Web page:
In light of Covid-19, the outrage of parents paying for a “Zoom” education, and the development of worlds made in virtual reality, digital twin campuses are all the rage. Stanford has given a virtual reality anatomy class, and Arizona State has revealed plans to do the same.
The metaverse, which is defined as “a virtual-reality space in which users can interact with a computer-generated environment and other users,” is closely related to a digital twin.
The Metaverse is a collective virtual shared environment generated by the merging of virtually improved physical reality and physically persistent virtual space, including the sum of all virtual worlds, augmented reality, and the Internet.
Simply put, this entails developing a highly sophisticated virtual model that is the exact replica (or twin) of a physical object. A car, a tunnel, a bridge, or even a jet engine could be the ‘object.’ The actual asset’s connected sensors collect data that may be mapped into the virtual model. Digital twins have been studied in detain and critical information about how the actual object is performing in the real world is now available. The metaverse is poised to expand exponentially. According to Reports and Data, metaverse market size will reach USD 872.35 billion in 2028, registering a robust revenue CAGR of 44.1% throughout the forecast period. So why shouldn’t education take advantage of this dynamic environment?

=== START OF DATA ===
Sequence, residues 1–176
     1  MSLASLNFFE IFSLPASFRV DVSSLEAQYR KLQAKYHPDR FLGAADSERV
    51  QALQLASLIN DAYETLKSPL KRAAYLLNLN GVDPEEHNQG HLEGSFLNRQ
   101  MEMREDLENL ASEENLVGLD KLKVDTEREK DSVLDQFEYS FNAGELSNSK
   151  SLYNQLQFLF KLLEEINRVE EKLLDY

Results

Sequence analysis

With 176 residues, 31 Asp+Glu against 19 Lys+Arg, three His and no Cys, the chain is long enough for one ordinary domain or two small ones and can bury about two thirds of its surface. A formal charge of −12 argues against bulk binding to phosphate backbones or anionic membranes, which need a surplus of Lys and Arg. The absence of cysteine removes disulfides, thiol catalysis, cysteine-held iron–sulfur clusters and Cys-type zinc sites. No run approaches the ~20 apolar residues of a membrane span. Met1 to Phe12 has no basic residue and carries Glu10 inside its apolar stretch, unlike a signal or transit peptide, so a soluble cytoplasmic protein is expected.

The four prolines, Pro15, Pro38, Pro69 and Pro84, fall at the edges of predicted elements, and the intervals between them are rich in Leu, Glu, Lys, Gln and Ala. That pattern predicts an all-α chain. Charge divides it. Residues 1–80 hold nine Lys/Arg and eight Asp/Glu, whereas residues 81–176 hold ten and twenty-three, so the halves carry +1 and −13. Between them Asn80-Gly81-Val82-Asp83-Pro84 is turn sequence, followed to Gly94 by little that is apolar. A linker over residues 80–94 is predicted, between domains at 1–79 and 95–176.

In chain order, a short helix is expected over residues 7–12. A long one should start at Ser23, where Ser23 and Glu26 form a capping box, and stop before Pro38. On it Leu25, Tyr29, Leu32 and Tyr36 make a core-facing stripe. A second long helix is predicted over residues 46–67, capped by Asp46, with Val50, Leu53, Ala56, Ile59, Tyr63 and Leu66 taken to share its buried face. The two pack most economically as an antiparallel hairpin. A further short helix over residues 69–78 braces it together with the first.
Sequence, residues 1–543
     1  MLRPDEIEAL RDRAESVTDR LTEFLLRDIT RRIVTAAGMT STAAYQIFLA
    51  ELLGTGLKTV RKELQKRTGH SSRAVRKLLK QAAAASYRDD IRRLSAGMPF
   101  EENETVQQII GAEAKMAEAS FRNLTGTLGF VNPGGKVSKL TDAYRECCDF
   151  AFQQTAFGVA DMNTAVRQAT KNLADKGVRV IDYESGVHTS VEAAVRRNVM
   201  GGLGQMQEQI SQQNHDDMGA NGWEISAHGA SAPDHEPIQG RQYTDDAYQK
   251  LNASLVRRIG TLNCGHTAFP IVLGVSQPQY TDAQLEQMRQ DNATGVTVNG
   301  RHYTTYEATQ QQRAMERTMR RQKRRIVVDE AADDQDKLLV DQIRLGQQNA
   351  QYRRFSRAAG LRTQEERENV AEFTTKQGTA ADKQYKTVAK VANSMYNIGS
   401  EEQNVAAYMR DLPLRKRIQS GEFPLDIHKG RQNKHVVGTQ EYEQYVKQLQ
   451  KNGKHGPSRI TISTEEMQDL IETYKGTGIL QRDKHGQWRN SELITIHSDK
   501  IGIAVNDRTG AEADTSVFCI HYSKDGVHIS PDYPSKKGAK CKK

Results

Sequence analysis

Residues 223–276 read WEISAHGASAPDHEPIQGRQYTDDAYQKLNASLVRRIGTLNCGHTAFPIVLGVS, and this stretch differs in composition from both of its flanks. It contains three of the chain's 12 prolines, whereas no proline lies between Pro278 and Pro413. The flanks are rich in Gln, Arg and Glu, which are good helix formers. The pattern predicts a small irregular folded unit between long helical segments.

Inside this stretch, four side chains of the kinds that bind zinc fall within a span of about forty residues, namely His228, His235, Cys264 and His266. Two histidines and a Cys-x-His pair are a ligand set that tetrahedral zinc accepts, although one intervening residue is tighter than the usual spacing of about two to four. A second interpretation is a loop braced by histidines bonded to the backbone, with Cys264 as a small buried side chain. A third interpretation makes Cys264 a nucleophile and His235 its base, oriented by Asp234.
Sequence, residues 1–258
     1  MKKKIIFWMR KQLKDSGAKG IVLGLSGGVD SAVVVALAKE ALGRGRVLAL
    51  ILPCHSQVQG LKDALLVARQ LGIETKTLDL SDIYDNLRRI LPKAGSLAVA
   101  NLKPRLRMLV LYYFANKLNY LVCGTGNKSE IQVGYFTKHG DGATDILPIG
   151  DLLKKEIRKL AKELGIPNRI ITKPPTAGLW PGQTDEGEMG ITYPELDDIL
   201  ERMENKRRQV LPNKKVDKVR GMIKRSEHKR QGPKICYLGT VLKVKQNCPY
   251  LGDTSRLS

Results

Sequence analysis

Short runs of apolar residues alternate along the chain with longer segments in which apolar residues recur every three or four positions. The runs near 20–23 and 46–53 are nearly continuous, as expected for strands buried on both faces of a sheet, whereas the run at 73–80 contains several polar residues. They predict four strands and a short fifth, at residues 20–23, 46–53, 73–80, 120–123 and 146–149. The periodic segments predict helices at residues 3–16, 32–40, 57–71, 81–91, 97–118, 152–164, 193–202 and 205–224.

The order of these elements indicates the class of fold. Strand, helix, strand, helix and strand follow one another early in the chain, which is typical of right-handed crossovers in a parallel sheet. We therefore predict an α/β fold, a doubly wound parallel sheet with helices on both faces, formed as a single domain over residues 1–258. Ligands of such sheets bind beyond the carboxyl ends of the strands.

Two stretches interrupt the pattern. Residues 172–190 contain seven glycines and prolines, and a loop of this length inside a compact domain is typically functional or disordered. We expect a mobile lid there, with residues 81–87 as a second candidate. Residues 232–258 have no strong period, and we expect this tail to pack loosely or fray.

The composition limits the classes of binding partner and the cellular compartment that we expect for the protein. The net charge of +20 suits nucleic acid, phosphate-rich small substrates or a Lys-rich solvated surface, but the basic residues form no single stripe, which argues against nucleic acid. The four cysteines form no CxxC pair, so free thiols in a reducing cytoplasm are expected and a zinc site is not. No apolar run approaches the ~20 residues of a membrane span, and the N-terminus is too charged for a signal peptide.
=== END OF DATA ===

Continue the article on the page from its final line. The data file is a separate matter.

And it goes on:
Whether students are quarantined or not, an online campus should exist in the digital environment, where students can assemble to speak, learn, plan, and exist together. Microsoft has Altspace, Facebook has just announced Horizon, and VictoryXR, which is partly owned by HTC Vive, has constructed the world’s largest academic institution on the Engage platform.
What are the benefits of a digital twin campus for an institution’s efficiency and innovation?
In contrast to early virtual reality experiences, a digital twin campus is a group setting that allows live teachers and real-time classes to interact as if they were in the same room. This is eerily similar to the real world. However, unlike in the actual world, items are digital, allowing for manipulation and duplication in previously unimaginable ways. Consider the following examples:
- Instead of using a human cadaver in an anatomy lesson, students get their own heart to touch and learn from, and then they may make that heart 8 feet tall and step inside it to study while standing within a human organ.
- Students in an art history class can start with a blank art museum, choose the best art for their exhibitions based on the assignment requirements, and then create a one-of-a-kind show that can be viewed by the entire globe or only the professor who designed the assignment.